I continued to attend, although not the next day, as I could barely move my legs as a result of the class. I am more flexible than Jonathan, but nothing compared to the pretzel-people in the class. Wowzers. Seriously, these people can contort themselves, seemingly effortlessly into poses that you only see in those disturbing forwarded emails. I am hoping that flexibility is contagious. I think the yogi likes when I come, for my entertainment value. In that first class, by some stroke of otherworldly assistance, I'm sure, I managed to fanagle my legs almost behind my head. The yogi looked up in alarm and frantically motioned one of the assistants over to 'assist' me in my efforts. Most likely to do his best in making sure I didn't break my neck. That would probably be a lot of paperwork. Then again, this is India. The yogi in training, without really any help from me, somehow rearranged my legs and feet and arms so that I was almost pretzel-ed in half, kinda like the rest of the class, (except Jonathan). I was stunned. How the heck was I doing this? 'Look at me! Look at me!' I hissed to Jonathan, craning my neck to the side and peering in between my jumble of arms and legs. You don't talk loudly in yoga class, obviously. As I hoped, he looked over and was equally impressed, shocked and horrified. I could tell by the way his jaw dropped and was filled with panic. 'You're folded in half!' Jonathan exclaimed in a loud whisper. Ms. Yoga herself glares at us from between her legs, showing off her perfect 'downward dog.' She's moved on from this pose. Too easy for her. The yogi had left me, all twisted up. I was so impressed with myself. Look at me! Look at me! I'm a pretzel! Yes, I was thrilled, and was wishing that we had the camera to provide proof of this feat, as it was likely never to happen again- and then I realized. Not only had I not the slightest idea how I had gotten myself into this 'pretzel' (mostly because I hadn't), more importantly, and causing a significant onset of panic, 'how the heck was I going to get out?' My limbs were all secured tightly within each other and I couldn't move them at all. Everyone else was gracefully moving on to the next pose. Except me. I was on my back, butt in the air, flopping around like a fish on the beach. Graceful, yes, and attractive, I'm sure. Jonathan was no longer impressed and was laughing. I knew right then, as I had finally wriggled one leg free and flopped it onto the ground with a resounding 'thump' that I had lost any right to make fun of his 'Blue Belt of Triumph.' Darn. As I lay there, flat on my back, breathing heavily I remembered that I was a pretzel, just moments before and smiled widely. 'Did you see that?' I mouthed to Jonathan, referring to the pretzel, not the unflattering depretzelization. To which, he just laughed harder. Whatever, Blue Belt!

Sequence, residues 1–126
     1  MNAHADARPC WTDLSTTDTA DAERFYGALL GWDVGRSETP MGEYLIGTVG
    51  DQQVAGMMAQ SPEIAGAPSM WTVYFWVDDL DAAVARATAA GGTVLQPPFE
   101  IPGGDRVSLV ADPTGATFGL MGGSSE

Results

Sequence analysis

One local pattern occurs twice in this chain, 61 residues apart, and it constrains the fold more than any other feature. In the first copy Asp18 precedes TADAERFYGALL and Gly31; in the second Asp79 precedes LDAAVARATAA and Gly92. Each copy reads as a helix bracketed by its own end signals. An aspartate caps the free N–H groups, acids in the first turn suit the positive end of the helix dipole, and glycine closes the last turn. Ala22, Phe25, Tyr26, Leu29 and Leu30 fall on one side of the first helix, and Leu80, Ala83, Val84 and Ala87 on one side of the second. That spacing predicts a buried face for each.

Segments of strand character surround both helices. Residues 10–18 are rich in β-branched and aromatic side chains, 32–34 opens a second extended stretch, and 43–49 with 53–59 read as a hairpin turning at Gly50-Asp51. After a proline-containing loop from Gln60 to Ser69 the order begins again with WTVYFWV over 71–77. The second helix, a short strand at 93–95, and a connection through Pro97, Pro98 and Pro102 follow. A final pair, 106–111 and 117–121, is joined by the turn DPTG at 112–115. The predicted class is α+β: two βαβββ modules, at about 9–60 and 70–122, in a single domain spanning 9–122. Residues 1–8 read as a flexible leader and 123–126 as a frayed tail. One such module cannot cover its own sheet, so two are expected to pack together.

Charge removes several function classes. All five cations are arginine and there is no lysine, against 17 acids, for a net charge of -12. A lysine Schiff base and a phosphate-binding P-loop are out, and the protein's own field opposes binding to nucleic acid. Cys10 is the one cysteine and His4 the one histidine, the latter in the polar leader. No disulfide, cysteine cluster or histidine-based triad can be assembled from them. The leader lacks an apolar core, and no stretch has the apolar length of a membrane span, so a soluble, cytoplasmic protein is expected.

As the week wore on, I got better and better at the positions, and every morning I woke up my leg muscles ached less and less. Yesterday, my second to last class, I was feeling particularily daring. The yogi described and demonstrated some complicated pose where one leg was tucked up into the other and the other leg was bent, and one arm went around this leg, but backwards, or something equally as impossible. I watched the rest of the class twisting and reaching and pushing themselves into position, and I tried to imitate them. 'This pose is very hard for some, very easy for others,' the yogi called from the front of the classroom. I wriggled my way into position with relative ease. Wow! I could do it! I was one of the ones it was easy for. One week of yoga, and I was practically a pro. I smiled and closed my eyes. I practiced breathing the way I was taught. I made sure all my muscles were active. I sat there, eyes closed, impressed with myself. Maybe I should become a yoga instructor! Maybe I could be more successful at meditation, now that I've conquered yoga. Maybe... there was a tap on my knee. The yogi was smiling, inches from my face. The same way I smile at cute dogs. He shook his head, still smiling and dutifully attempted to rearrange my limbs into a position that more closely resembled that of the rest of the class, I realized. He was greatly unsuccessful. There was no way my leg was going there, nor was my arm reaching that far. My limbs were fiercely uncooperative despite his gentle coaxing. Not even close. 'Oh.' 'Not so easy any more, is it?' he laughed, good naturedly. Maybe I will stick to sitting at the back of the class...

The yoga school offers three different kinds of classes. Hatha yoga, which is traditional Indian yoga, Ashtanga Visyasa yoga, a more fluid yoga and meditation. Jonathan and I have tried every class. Jonathan, not surprisingly, liked the mediation the best. And he was far, far better at it than I was. After a half hour of 'breathing' and another excruciating half hour of staring at the flame of a candle, I determined that meditation was boring. Although instead of sitting there "concentrating", as I knew my perfectly figetless husband was doing, I had used the time 'wisely,' planning where we would go for dinner, if this hour did, in fact, ever end, which earrings I wanted from the Tibetan lady down the street, I considered which train we should take to the next town, decided that we should do our laundry the following day...

ps. Happy Birthday Uncle Stephen, Uncle Dan and Candy Dandy!!

pps. Welcome to the family Daniel Ricardo!

ppps. Has anyone in Canada received a postcard from Nepal yet? We mailed them six weeks ago!


Anonymous said...

amazing story once again. loved it!

Parentals said...

no card from Nepal yet.... last one from China.
You'll have to both come my Yoga class and give us some lessons.... and show off your new yogi skill

sarah adie towle said...

Oh My Dear Sweet Pomebot. I was rooting for you to come home and be a yoga instructor... but laughed quite loudly at the end of the paragraph when sadly you had not quite conquered the pose.
I am also shocked to hear that meditation didn't go so well for you. You know what you need to do when you meditate? Think of "When it's hot, chicken bot. When it's not, chicken not".... use that mantra!
No card from nepal as of yet.